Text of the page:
scoffs at "religious intolerance" through the 'rite of passage from childhood to adult' with "the potential of science, mathematics, art or literature, and becoming consumed by questions of social justice or inequality" that he send his two main characters, Will and Lyra--his new teenage Adam and Eve. Pullman takes direct aim at the biblical accounts of the battle in
Heaven and the Fall of Man and rewrites it through the eyes of the vanquished, acting as if he has personal knowledge of the events that transpired. "Despite the armored bears and the angels, I don't think I'm writing fantasy," he says, "My books are psychologically real.
The Golden Compass, the least offensive first book of the His Dark Materials trilogy which is labeled Northern Lights in England, is an even more watered down version of the material Pullman spouts into the minds of our future generations. In a 2001 interview, Pullman expressed again his purpose in writing such a series; he wanted to "undermine the basis of Christian belief." Bill Donohue, President of the Catholic League, decrees Pullman's efforts as the "pernicious effort to indoctrinate children into anti-Christian belief system, which is evidenced in all facets of our society as the method through which we are destroying ourselves. We kill babies, destroy literature that is the basis of our republic, and are intolerant of the very religion that created the view of tolerance.
But, why is there so much outrage from the Christian community over such an obvious fraud of the truth? The series follows the adventures of a streetwise girl named Lyra, who travels through multiple worlds populated by witches, armor-plated bears, and sinister religious assassins to defeat the authoritarian and oppressive forces of a senile God. Through the medium of alternate history, Pullman causes the Reformation to create consolidation where the Catholic papacy is moved from Rome to Geneva under John Calvin and ends up being ran by a cabal of celibate men obsessed with sin's eradication through self-flagellation and 'preemptive penance' of a 'get-out-of-hell' free card mentality that pursue the heroine as she seeks to set right the injustice of her best friend's kidnapping, her father's exile, and ultimately her own homicidal pursuit by the villainous institution. Offering an 'extended celebration of the marvels of science: discoveries and theories from ....cosmology....dark matter...possibility of multiple universes', the series centers around the allure of unscientific invention, fantasy.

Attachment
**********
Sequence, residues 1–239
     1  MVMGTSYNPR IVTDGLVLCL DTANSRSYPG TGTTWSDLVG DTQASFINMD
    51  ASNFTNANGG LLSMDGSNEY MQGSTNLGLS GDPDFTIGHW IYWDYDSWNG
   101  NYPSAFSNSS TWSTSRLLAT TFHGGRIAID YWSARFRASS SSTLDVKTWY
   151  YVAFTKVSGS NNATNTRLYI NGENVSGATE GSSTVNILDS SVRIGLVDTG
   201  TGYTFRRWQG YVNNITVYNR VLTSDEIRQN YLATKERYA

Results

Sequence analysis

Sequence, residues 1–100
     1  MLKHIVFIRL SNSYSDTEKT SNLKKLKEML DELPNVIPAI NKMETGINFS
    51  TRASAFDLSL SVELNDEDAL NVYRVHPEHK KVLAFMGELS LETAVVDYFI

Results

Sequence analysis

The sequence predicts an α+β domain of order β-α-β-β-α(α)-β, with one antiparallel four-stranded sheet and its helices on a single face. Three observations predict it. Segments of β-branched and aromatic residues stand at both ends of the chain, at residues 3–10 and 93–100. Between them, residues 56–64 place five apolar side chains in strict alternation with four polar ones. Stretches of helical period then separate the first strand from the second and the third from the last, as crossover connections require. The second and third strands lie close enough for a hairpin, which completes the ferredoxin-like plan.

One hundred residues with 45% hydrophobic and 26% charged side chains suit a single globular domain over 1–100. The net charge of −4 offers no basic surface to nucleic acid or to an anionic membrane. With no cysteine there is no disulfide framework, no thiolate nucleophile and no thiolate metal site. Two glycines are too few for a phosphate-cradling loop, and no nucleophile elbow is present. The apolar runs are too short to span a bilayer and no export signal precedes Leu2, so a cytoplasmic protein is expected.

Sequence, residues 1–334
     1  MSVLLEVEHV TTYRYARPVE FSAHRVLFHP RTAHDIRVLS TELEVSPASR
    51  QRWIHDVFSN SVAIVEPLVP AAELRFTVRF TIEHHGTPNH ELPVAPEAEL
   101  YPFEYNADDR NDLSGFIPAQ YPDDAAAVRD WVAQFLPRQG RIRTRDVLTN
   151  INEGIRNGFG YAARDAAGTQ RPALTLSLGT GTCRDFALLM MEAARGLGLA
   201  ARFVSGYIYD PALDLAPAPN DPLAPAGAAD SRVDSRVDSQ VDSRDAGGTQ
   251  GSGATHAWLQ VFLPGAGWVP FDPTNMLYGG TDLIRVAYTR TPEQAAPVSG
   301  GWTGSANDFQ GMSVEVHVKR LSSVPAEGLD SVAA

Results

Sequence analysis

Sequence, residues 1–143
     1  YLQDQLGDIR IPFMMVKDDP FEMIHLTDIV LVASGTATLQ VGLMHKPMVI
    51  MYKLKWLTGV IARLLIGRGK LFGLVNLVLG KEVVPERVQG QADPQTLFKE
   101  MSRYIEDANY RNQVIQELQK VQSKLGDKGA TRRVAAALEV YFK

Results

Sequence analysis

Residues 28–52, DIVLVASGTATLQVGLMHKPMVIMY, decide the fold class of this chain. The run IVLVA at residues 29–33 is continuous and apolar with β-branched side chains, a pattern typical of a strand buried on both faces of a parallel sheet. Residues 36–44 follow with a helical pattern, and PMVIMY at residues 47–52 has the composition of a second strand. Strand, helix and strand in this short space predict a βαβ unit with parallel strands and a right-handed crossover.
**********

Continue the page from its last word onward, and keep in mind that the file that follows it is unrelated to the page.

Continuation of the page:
Such is not uncommon within the literary realm today as the atheists and agnostics seem to gain more and more ground in their spewing of anti-Christian rhetoric. But this is the first book aimed so openly at destroying Christian beliefs in the future generation, our children. Instead of salvation, Pullman wants to overturn such 'ideological tyranny and rejection of this world" and promote idealized afterlife that knows no creed. To this end, Pullman rewrites the historicity of the fall into a 'loss of protean innocence' that leads to 'a gain in self-awareness.' Throwing historical and biblical knowledge out the window, Pullman declares," Wee need to ensure that children are not forced to waste their time on barren rubbish."